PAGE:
A Fountain Valley councilman is leading the charge to block a delegation of business and government officials from Vietnam, saying it will unleash a storm of protesters in the increasingly immigrant city.
Mayor Pro Tem Michael Vo said an official visit from a country "without human rights and respect for freedom will not be accepted by the Vietnamese community, many who live here."
Vo said it would be fiscally irresponsible to pay for police services for a likely protest, which he predicted could draw hundreds.
"I cannot be silent and let this happen under my watch," added Vo, the first Vietnamese American member of Fountain Valley's City Council.
In a letter to council colleagues and directors of the city Chamber of Commerce, he wrote: "I will not stand by to have any foreign government take advantage of our businesses and of our Chamber of Commerce, disrupt the peace and the tranquillity ... and drain this community of its financial and human resources."
At the invitation for the chamber, the delegation is set to visit the city in March.
Mayor Mark McCurdy said he'd just learned of Vo's concerns and is yet unsure whether he supports the effort to block the delegation.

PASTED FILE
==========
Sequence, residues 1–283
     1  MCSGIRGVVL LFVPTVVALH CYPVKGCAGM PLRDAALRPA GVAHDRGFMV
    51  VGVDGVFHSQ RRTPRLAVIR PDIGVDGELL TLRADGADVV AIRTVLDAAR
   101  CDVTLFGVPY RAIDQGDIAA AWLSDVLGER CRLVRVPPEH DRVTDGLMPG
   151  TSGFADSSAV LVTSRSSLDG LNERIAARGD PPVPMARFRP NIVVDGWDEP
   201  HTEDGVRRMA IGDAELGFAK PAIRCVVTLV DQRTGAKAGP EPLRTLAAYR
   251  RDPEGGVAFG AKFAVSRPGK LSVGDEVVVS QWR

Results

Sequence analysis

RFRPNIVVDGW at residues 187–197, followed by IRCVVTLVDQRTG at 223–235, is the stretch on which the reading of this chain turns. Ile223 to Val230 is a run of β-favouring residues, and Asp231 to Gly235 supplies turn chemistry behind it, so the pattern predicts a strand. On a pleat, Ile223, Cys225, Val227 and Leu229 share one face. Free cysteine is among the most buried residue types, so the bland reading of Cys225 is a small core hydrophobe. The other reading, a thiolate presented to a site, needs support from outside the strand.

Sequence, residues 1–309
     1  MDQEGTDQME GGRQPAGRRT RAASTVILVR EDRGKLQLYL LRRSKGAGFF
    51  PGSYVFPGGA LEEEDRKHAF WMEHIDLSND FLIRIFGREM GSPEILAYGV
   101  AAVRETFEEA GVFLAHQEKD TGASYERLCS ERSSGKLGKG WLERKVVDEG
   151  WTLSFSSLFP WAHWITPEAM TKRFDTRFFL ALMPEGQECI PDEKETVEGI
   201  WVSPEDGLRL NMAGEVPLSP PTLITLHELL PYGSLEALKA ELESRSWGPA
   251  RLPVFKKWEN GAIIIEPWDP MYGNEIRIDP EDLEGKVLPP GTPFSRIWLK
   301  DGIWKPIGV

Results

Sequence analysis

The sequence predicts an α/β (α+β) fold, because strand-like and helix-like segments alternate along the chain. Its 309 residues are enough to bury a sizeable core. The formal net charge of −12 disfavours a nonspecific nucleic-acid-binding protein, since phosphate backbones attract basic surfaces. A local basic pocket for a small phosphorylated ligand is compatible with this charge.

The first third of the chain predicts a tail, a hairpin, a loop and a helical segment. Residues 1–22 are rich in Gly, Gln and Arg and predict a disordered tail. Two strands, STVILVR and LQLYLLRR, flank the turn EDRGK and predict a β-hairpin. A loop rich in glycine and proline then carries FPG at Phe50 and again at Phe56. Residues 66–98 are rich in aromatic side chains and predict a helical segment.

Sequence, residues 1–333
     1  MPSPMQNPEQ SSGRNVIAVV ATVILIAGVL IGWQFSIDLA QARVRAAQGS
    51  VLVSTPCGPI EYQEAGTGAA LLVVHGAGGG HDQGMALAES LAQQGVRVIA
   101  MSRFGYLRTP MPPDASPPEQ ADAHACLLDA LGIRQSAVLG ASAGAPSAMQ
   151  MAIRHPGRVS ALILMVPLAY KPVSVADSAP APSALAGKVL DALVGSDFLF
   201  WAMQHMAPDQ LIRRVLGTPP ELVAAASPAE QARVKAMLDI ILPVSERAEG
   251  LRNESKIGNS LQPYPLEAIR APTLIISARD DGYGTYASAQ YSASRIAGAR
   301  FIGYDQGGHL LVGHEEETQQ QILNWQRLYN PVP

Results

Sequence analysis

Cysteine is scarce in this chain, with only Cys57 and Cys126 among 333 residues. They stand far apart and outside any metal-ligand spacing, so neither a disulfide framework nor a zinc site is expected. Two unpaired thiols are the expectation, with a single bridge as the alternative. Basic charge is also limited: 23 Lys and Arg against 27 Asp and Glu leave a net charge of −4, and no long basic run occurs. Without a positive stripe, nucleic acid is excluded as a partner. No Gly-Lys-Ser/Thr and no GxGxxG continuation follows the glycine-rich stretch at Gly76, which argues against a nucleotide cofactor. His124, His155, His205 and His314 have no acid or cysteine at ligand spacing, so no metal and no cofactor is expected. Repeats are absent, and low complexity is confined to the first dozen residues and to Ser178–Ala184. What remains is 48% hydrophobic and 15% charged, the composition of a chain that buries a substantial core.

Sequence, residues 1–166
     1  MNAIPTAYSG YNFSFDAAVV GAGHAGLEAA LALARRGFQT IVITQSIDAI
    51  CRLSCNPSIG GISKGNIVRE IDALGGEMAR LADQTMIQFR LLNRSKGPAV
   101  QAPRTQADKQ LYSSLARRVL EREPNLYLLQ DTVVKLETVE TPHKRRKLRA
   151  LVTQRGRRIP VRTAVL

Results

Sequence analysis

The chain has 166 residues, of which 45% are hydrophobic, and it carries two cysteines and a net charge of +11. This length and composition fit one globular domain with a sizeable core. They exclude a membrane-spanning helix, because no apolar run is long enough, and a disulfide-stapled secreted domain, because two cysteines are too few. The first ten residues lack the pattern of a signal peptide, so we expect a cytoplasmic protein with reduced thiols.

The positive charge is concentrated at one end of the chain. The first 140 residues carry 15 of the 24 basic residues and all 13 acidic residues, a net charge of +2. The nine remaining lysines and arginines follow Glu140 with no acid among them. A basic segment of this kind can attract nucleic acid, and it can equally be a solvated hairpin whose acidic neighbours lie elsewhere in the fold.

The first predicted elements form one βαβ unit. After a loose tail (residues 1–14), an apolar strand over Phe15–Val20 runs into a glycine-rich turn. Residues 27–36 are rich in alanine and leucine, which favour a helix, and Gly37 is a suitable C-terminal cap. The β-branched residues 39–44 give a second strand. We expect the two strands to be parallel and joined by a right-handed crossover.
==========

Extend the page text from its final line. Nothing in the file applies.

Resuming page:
Chamber officials plan to open their office to host a reception for the guests, City Manager Ray Kromer said in an in-house memo to the council. "We understand that the plan so far is to keep this relatively low-key. We need to assess how the community will react."
Mary Parsons, president and CEO of Fountain Valley's chamber, said the visit is not confirmed, adding that she and the board's executive committee plan to meet soon on the matter.
Ken Duong, an attorney and chairman of the chamber's board, declined to comment. Vo targeted Duong in his note, saying that he owns "a law firm which is focused on international business & immigration and that generating global network is important."
When a theater troupe from Vietnam visited Fountain Valley in September, nearly 300 demonstrators swarmed the Saigon Performing Arts Center, vocally attacking the visitors from Ho Chi Minh City. It cost the city $8,000 in police services to control the crowd, Vo said.
He also cited the demonstration outside Hitek TV & VCR in neighboring Westminster in 1999, when more than 15,000 people united against a Little Saigon merchant displaying the Communist flag and a picture of Ho Chi Minh at his video store. City officials there paid almost $200,000 for overtime police, among other expenses, during 53 days of protest.
In recent months, officials in Westminster and Garden Grove have passed legislation requiring advance notice of visits from communist delegations so police have time to prepare. Vo said he plans to introduce a similar ordinance in Fountain Valley. The heavily Vietnamese community known as Little Saigon reaches into all three cities, as well as Santa Ana.